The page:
AFC Wimbledon have become the fifth English league club to take a stand against gambling advertising in football by signing up for the Big Step campaign.
The League Two side have joined Luton, Bolton, Forest Green and Tranmere in supporting the campaign, which is calling for an end to all gambling and betting related sponsorship in football.
“If you look at gambling and the damage that it can obviously cause … it’s touched a lot of people, probably more than we even realise,” said the AFC Wimbledon manager, Johnnie Jackson. “The more awareness around gambling you can create, the better.”
The Dons, now ninth in the fourth tier of English football, have joined more than 30 other professional clubs after putting the decision to members of the Dons Trust, the supporters’ group which owns the south-west London club. Of the 1,199 members consulted, 79% voted to join the Big Step’s campaign.
“I think the fact that many people voted it through shows just how prevalent the problems around [gambling] are – and how much people are affected by it, whether it’s themselves or the people around them,” Jackson added.
AFC Wimbledon will work in partnership with Gambling with Lives, the charity behind the Big Step, which was set up by bereaved families to promote awareness of the risks of gambling. The club has pledged to promote preventive messages, and provide training and education about gambling addiction in the community.
“As a club at the heart of our community, we are committed to being a force for good,” said Michele Little, a club director at AFC Wimbledon. “We took the decision some time ago not to accept gambling advertising or sponsorship as a club. Now with the backing of our owners – the fans – we’re signing up to the Big Step, and saying it’s time to end the harm gambling advertising in football causes.”
Professional football’s relationship with gambling advertising has come under renewed scrutiny after the Brentford striker Ivan Toney and the Newcastle midfielder Sandro Tonali received lengthy bans for breaching betting regulations.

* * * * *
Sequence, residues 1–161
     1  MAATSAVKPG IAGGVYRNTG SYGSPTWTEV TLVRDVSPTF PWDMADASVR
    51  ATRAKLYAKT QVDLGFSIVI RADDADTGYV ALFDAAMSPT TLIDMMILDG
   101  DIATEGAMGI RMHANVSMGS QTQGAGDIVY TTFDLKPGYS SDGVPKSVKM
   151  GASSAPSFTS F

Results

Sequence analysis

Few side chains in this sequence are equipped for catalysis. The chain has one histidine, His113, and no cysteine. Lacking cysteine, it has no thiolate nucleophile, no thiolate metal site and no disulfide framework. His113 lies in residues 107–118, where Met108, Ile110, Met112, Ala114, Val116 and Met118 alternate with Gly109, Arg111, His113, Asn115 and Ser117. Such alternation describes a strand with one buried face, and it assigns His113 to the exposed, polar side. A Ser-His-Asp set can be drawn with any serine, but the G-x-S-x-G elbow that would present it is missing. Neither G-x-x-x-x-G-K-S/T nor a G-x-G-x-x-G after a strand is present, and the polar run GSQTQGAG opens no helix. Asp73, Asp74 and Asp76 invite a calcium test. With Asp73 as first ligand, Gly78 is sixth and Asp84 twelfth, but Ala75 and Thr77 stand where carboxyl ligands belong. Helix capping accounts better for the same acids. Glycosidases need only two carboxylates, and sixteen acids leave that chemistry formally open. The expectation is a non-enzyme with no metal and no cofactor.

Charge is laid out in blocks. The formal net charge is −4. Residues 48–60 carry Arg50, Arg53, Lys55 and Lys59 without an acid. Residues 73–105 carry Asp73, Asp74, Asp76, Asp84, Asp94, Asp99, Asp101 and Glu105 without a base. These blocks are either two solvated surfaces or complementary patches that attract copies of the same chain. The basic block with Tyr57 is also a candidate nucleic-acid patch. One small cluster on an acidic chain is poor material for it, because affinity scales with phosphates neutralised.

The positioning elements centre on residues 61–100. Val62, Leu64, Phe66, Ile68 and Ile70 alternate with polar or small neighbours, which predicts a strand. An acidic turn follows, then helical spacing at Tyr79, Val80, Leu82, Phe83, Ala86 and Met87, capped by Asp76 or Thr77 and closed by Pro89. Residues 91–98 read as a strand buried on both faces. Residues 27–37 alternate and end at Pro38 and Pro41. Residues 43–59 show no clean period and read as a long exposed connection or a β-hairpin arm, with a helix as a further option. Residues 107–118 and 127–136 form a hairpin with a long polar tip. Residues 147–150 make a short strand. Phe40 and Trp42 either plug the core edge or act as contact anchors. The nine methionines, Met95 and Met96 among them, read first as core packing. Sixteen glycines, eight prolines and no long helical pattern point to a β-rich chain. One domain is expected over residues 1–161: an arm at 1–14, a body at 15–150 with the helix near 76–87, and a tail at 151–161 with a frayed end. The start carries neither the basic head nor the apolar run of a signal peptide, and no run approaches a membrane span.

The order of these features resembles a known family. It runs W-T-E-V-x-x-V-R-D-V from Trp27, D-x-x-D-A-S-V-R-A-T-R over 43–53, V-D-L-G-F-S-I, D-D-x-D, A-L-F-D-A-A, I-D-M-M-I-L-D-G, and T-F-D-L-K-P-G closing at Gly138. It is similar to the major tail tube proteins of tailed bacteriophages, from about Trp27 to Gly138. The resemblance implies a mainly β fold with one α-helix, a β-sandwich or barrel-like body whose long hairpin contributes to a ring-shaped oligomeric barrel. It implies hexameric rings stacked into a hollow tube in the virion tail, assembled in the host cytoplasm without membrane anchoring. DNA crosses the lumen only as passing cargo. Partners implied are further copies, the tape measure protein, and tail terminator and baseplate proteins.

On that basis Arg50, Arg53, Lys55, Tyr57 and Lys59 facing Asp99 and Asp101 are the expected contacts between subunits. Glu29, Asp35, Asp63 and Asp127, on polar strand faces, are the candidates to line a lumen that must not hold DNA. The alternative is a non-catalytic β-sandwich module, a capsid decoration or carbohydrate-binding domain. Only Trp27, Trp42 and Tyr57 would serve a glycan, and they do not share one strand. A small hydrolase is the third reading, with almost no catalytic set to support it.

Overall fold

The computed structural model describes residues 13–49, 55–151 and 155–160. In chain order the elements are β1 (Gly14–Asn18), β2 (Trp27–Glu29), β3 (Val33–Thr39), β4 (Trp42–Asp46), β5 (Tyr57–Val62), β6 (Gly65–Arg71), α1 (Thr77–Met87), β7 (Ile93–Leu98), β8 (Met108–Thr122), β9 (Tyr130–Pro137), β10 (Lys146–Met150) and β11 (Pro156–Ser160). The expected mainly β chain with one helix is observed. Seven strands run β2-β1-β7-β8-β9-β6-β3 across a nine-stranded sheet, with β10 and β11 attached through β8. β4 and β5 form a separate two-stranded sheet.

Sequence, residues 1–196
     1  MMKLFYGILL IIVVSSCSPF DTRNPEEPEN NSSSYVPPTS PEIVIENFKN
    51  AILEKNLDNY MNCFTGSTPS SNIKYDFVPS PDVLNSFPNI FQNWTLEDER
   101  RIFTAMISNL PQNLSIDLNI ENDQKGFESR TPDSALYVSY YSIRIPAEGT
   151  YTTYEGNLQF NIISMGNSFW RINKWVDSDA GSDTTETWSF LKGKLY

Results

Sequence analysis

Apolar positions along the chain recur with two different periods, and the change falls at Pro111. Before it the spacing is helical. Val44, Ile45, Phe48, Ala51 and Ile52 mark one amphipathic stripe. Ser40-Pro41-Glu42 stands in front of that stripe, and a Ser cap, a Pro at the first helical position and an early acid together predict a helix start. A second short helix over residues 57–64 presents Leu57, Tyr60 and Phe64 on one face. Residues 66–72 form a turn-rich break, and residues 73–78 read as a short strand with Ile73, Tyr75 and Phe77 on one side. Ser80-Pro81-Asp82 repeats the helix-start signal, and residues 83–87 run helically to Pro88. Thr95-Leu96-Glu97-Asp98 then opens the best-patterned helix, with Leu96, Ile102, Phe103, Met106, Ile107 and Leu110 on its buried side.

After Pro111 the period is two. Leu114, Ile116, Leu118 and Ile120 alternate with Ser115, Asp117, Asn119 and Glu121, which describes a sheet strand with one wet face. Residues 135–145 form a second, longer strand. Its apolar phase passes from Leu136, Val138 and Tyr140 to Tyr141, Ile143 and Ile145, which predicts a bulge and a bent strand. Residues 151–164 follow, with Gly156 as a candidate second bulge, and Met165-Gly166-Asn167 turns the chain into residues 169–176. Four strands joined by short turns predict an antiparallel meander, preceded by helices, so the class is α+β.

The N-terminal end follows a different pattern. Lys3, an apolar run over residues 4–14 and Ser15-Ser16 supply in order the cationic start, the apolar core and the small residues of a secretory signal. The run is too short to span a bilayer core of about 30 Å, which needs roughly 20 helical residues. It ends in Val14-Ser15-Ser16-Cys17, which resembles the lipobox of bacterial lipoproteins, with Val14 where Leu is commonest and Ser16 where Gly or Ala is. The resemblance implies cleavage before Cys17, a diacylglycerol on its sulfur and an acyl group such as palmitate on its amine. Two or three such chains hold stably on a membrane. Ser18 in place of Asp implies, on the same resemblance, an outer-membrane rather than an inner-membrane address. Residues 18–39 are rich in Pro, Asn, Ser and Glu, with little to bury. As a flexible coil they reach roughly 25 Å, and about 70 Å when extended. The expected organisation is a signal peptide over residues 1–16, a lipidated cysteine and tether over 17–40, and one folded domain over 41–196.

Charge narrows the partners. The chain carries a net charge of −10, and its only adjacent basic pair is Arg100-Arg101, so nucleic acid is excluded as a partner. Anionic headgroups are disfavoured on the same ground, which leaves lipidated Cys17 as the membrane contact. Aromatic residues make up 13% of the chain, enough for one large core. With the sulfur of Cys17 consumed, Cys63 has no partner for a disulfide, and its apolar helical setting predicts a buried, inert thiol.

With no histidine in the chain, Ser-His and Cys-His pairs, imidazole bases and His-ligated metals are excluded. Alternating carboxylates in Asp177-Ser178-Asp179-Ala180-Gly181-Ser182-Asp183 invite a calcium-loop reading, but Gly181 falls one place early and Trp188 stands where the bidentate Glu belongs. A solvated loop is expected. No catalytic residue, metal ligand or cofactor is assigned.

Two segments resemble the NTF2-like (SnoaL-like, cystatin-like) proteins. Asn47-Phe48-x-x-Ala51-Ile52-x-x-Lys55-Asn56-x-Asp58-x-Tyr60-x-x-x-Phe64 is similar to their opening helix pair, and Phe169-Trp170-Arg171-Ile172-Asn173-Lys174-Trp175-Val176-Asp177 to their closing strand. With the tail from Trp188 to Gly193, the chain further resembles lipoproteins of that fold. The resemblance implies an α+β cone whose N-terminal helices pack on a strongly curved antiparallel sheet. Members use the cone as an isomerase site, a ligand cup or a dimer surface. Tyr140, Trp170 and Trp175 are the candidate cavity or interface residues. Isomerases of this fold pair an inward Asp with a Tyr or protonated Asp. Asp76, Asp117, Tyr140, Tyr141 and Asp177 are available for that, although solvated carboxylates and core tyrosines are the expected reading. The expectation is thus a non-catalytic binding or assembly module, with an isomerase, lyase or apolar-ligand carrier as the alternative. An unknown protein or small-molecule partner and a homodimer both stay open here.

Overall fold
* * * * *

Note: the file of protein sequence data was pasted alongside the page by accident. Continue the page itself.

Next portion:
The Premier League will ban gambling firms from sponsoring the front of teams’ shirts from the 2026-27 season, but will still allow sleeve sponsorships and betting-related advertising on hoardings at top-flight grounds. The UK government’s April 2023 white paper on gambling reform went no further than recommending a code of conduct to “ensure a responsible approach” to gambling sponsorship in sport.
A recent study found that up to 3,500 gambling logos were visible during a single televised Premier League game – with just 7% of that total on the front of shirts. Another found that football fans received 11,000 gambling messages during the opening weekend of the Premier League season in August.
“We’re thrilled to have the backing of Wimbledon and their owners – the fans,” said Tom Fleming, communications manager for the Big Step and Gambling with Lives. “Gambling advertising is unhealthy and unpopular, so the club’s decision is welcome good news after the sharp rise in high-profile players harmed by gambling.
“We’re sure that if it were down to the fans of each club, no club would partner with a gambling company. We still hope the government will take control and end gambling advertising in football but in the meantime, it’s so important that clubs like AFC Wimbledon have taken a stand to protect their fans.”
Other clubs who have signed up to the campaign include the Women’s Championship side Lewes and Scottish women’s league champions Glasgow City, as well as Dulwich Hamlet, Drogheda United, Partick Thistle and Sligo Rovers.